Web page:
8vo. lxxxii, (6) ff., title printed in red and black within woodcut border, two large woodcut initials and numerous small ones, full-page printer’s device on verso of final leaf. Bound in crushed morocco c. 1945, signed Capé, floral motifs gilt on covers, spine in six compartments with title gilt, morocco ex libris of Isidor Fernandez . Minor soiling to title but internally in good condition for a work of this kind.
Extremely rare early edition (first, 1530) of this collection of vernacular materia medica with recipes, unsigned and undated but attributable to the Parisian printer Pierre Sergent on the basis of the printer’s mark (see below). Printed in a small, popular format in French gothic for a lay public, this is a rare survival of a pocket self-help guide for those who could not afford professional care in early modern Europe. Goeurot’s importance in English medicine is evident from the numerous English translations his work enjoyed throughout the 16th century.
According to Goeurot’s preface to the reader, the present work was composed at the behest of his patron, Marguerite de Navarre (whose sick children Goeurot had personally attended). Goeurot’s own contribution to the text comes first, introducing the reader to the Galenic organization of the body before launching into discreet chapters on specific ailments of specific areas (eyes, ears, nose, stomach, etc.). Tooth pain caused by excessive heat or cold is discussed, as is the mysterious facial affliction noli me tangere (‘touch me not’) – probably lupus; melancholy (symptoms including a heavy head and terrible dreams) is treated separately to the section on ‘disturbances of the spirit’. Guerot’s own recipes are followed by a tract by Nicolas Houssemaine (ca. 1470-1523) on the plague, with cures ranging from rubies and emeralds to the herb Policaria, vinegar, and even a ‘beau pomme de Normandie’! (ff lxix). The collection is completed by a Traite du regime de santé by Pietro da Tossignano (d. 1401), translated from the Latin.
Goerot’s medical counsel was based on practical experience: a favorite of Marguerite de Navarre he tended to the Queen and her children before being appointed Royal Physician to her brother, Francis I of France. The large woodcut initial on the verso of Ai appears to depict the author (1501-1552) ministering to his patroness and her children.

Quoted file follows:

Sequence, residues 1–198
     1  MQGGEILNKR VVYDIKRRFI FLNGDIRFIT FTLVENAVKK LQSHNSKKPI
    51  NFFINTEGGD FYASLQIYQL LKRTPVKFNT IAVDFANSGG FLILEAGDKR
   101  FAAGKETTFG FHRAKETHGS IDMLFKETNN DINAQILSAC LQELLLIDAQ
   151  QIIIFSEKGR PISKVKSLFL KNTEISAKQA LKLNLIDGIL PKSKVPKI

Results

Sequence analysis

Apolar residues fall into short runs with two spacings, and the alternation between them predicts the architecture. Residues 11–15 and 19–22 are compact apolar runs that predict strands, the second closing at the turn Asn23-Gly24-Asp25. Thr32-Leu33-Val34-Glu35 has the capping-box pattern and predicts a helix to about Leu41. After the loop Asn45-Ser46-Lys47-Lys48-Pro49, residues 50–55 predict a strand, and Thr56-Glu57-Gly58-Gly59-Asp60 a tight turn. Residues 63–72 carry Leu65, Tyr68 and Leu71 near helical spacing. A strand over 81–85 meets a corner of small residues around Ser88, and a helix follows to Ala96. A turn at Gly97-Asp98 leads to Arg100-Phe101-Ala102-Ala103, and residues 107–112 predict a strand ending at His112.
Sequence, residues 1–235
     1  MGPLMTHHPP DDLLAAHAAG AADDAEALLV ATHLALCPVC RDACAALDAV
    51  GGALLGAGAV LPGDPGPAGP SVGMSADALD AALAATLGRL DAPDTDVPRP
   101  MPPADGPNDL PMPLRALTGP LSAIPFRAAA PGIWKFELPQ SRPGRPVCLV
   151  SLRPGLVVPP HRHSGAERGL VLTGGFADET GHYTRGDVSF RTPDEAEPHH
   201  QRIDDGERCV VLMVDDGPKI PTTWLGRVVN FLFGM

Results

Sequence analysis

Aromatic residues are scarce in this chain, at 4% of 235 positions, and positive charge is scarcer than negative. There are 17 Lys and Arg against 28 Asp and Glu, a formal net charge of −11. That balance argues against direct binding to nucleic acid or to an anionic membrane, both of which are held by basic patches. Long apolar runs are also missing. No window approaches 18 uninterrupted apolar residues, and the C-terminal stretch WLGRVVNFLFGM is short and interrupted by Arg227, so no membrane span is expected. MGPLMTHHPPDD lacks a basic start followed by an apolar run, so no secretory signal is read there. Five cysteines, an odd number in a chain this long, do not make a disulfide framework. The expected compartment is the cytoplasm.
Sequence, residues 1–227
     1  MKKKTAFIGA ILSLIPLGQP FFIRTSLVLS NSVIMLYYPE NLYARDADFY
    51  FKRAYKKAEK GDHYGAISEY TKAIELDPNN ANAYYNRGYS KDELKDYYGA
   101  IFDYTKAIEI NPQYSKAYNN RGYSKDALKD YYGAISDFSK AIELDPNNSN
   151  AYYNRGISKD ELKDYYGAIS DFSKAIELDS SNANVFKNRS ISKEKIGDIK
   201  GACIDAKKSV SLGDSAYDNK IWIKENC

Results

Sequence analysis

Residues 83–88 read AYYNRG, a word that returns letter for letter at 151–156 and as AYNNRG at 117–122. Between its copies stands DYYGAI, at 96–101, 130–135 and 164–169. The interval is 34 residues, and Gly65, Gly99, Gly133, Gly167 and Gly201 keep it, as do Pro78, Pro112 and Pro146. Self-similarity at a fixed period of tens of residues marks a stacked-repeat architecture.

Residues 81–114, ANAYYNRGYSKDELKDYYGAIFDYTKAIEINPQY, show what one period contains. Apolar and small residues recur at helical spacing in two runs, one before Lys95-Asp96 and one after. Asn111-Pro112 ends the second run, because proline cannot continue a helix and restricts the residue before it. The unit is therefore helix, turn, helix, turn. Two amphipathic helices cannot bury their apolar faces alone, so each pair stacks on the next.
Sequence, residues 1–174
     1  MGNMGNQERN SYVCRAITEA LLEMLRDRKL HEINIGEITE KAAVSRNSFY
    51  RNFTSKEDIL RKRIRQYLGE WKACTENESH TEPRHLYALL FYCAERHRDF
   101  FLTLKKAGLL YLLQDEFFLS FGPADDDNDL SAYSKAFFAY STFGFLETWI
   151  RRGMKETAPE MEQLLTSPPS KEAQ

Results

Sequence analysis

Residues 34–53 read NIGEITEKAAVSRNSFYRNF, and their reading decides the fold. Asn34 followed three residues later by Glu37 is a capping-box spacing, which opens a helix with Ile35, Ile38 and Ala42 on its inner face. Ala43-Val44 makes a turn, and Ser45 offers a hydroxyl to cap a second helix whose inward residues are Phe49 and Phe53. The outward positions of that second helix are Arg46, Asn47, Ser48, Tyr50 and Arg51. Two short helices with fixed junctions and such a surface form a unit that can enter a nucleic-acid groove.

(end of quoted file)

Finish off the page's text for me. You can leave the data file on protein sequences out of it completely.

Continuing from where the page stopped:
All editions of the Sommaire et entretenement de vie are extremely rare in census. It was apparently first published in 1530 both in Alençon (the author’s home town) and Paris, before enjoying reprints as far afield as Lyon. Most notably, it enjoyed considerable success outside of France, being translated and often reprinted in English as early as 1544 (‘The Regiment of Lyfe’, ‘Spirituall preseruatiues against the pestilence’ etc.) and Italian. The present edition can be positively identified and dated to the press of Pierre Sergent by the large printer’s device, in particular by the tiny break in the woodblock between the O and the Y in the word MOY. With thanks to Antoine Coron of the Réserve of the BnF for checking BnF copies and advising us about the printer’s device.
Although allowances should be made for variant spellings of the title and/or author (ex: GUEUROT) OCLC locates three US copies of any edition: NYAM (1543), Harvard (1540s) and the NLM (1537 - this ed?).
* Cf. e.g. Durling 2122; also NLM 100936259.